Solanezumab and the amyloid hypothesis for Alzheimer’s disease

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Solanezumab’s failure is a wake-up call to look elsewhere for an answer to dementia

Is the amyloid cascade hypothesis of Alzheimer’s disease too big to fail? It proposes that brain deposition of β amyloid protein is the critical early event in the pathogenesis of Alzheimer’s disease and has been the centrepiece of dementia research for decades. The hypothesis suggests that removing β amyloid will reverse or prevent the clinical expression of dementia. However, in all phase III clinical trials to date, treatments targeting β amyloid have failed to improve cognitive outcomes despite reducing brain β amyloid.

Combination drug shows promise for treating agitation in patients with Alzheimer’s disease

jamaA combination drug treatment can reduce agitation in patients with probable Alzheimer’s disease and is generally well tolerated, preliminary research published in JAMA has shown.

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The phase II double blind randomised clinical trial showed that patients who received the combination dextromethorphan hydrobromide and quinidine sulphate had lower occurrence and severity of agitation than patients who received placebo. This combination is approved in the United States and the European Union for treating pseudobulbar affect, a neurological disorder characterised by uncontrollable episodes of crying.

Is this a new era for dementia?

A blog article  by Professors Alistair Burns and Martin Rossor:

“The current national and international focus on dementia has been widely welcomed as a vehicle to raise the profile of, and attract attention to, what has been a hitherto relatively neglected area of scientific interest and clinical practice…

…The news a few weeks ago of the putative efficacy of a disease modifying treatment for Alzheimer’s disease has ignited widespread public, professional and political interest and enthusiasm…”

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Peptides that form amyloid plaques in Alzheimer’s may be transmissible, study finds

Amyloid β, the peptide that forms amyloid plaques in the brains of people with Alzheimer’s disease, may be transmissible through medical treatments such as blood products and surgical instruments, a small UK study published in Nature has shown.

Researchers working on iatrogenic Creutzfeldt-Jakob disease (iCJD) unexpectedly found four autopsy cases with moderate to severe deposition of amyloid β in the grey matter of the brain typical of that seen in Alzheimer’s disease. They also found the peptide in the blood vessel walls deposited in a way that was characteristic of cerebral amyloid angiopathy.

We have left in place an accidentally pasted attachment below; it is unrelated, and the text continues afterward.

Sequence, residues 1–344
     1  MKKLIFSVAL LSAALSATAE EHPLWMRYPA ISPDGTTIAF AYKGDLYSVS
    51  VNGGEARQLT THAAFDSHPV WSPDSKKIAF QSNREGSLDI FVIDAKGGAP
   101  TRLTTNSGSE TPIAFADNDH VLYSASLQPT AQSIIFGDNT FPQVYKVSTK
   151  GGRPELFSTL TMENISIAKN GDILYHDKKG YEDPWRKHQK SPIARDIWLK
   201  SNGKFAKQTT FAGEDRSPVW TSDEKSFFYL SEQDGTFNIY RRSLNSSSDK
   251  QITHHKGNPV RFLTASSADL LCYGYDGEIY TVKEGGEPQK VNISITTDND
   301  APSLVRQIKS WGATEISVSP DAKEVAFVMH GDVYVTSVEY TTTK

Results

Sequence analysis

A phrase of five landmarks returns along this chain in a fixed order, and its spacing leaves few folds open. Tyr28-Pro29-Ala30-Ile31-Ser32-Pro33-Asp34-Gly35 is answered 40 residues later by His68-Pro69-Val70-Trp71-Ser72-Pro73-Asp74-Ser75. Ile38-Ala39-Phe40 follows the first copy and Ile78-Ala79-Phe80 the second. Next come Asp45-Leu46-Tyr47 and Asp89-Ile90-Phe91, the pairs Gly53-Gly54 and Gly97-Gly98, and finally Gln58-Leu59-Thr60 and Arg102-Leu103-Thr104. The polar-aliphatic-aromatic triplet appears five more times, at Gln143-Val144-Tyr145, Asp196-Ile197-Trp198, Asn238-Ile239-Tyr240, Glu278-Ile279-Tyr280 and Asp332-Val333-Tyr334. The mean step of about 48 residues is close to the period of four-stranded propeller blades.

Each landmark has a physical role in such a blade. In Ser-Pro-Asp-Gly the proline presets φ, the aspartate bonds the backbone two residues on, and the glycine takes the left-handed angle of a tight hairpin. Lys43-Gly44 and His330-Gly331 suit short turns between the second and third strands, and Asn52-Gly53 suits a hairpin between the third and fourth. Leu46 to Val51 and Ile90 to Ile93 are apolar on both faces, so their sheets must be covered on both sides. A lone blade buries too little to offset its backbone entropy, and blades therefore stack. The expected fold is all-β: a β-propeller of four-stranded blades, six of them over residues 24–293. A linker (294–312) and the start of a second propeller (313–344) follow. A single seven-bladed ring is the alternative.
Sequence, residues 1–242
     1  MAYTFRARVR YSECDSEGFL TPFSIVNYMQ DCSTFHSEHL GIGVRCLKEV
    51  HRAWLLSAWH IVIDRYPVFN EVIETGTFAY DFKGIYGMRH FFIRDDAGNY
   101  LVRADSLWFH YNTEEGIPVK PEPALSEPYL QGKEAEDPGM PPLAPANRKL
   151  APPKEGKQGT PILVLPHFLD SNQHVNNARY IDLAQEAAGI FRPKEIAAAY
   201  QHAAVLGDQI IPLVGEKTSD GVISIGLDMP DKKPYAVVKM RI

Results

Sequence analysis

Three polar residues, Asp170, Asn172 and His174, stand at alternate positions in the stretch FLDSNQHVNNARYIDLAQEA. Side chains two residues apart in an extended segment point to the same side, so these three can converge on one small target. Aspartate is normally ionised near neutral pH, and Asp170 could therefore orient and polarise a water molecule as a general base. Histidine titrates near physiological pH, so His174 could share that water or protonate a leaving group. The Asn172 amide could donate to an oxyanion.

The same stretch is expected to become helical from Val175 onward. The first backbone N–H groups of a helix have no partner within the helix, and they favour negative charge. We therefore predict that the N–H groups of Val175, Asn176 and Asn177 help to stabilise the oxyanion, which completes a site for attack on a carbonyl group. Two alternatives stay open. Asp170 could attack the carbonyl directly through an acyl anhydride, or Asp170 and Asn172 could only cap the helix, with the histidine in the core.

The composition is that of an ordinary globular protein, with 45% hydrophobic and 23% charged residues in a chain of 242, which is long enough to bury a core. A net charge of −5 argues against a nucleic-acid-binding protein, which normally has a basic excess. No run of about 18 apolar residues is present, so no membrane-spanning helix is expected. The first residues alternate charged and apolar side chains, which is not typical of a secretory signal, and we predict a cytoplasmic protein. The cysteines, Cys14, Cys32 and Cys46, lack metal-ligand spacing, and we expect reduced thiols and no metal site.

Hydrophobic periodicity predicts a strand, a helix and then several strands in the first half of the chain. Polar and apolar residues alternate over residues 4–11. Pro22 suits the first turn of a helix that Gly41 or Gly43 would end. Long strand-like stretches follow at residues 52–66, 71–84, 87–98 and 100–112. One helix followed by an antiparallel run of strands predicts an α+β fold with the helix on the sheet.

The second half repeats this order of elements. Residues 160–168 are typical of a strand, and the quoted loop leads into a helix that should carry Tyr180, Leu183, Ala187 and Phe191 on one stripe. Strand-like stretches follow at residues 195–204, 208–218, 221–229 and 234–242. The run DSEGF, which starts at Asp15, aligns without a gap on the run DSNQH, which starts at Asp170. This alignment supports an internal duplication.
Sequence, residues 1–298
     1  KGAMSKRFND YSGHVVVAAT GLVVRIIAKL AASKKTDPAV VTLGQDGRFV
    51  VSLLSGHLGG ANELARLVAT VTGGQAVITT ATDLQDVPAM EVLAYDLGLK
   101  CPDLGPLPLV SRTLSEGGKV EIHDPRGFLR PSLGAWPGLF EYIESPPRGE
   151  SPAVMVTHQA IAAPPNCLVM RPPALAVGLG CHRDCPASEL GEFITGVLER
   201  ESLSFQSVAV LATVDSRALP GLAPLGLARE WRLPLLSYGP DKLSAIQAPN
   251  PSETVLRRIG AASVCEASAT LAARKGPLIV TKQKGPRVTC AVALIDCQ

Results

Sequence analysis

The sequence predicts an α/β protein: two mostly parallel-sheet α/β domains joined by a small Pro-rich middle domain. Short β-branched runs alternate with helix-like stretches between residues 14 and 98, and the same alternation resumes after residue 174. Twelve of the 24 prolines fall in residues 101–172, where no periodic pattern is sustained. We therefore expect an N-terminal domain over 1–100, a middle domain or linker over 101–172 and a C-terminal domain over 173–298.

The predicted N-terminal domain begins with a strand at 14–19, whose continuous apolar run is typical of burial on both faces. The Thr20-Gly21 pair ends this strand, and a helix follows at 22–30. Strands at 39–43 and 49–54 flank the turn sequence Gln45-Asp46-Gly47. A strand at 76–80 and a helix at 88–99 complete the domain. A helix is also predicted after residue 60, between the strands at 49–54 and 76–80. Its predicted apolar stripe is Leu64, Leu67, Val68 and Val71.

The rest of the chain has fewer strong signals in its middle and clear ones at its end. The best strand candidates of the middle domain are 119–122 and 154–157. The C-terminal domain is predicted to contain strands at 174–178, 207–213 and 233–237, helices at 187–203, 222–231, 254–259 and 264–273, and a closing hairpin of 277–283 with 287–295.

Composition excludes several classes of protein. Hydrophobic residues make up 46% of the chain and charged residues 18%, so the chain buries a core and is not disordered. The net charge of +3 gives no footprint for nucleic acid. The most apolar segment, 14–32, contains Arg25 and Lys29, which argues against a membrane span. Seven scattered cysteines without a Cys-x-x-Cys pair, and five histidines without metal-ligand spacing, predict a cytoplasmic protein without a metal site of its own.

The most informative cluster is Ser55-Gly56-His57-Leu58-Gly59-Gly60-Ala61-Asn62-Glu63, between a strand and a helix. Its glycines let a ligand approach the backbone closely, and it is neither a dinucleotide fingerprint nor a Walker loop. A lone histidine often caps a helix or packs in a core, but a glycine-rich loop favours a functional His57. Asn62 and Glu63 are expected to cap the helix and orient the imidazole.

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World Alzheimer’s Month 2014

World Alzheimer’s Month 2014

September 2014 sees the third international campaign to raise awareness through World Alzheimer’s Month.  This year the theme is ‘Dementia: Can we reduce the risk?’ and looks at how we can adopt healthier brain lifestyles.

Some useful websites andopendementia elearning resources.

News from NHS Networks: 18 August

The Mental Health Foundation has launched a suite of films aimed at raising awareness about dementia and the use of self directed support in helping people with dementia, their families, carers and social care professionals.
 
Subject to the passage of the Health and Social Care Bill, the Department of Health will allocate funding for Local HealthWatch, NHS complaints advocacy and, potentially, PCT deprivation of liberty safeguards from October 2012.
 
Exercising for just 15 minutes a day could increase life expectancy by three years and cut the risk of death by 14%, latest research suggests.
 
A national challenge that will fund teams to develop new design-led ideas for products and services that make lives simpler, better and more enjoyable for those with dementia and their carers was launched by the Design Council and the Department of Health.
 
NHS Employers’ second monthly health, work and well-being (HWWB) update is now available.
 
Review published by NHS Choices covering Alzheimer’s disease.
 
The dementia engagement and empowerment project (DEEP) aims to identify and map out groups, projects and activities across the UK that are led by people diagnosed with dementia to influence the services and policies that affect them.
 
A new deal is needed for people at the end of their lives to ensure they are treated well and receive high quality care and support, according to a report published today by the National Council for Palliative Care (NCPC).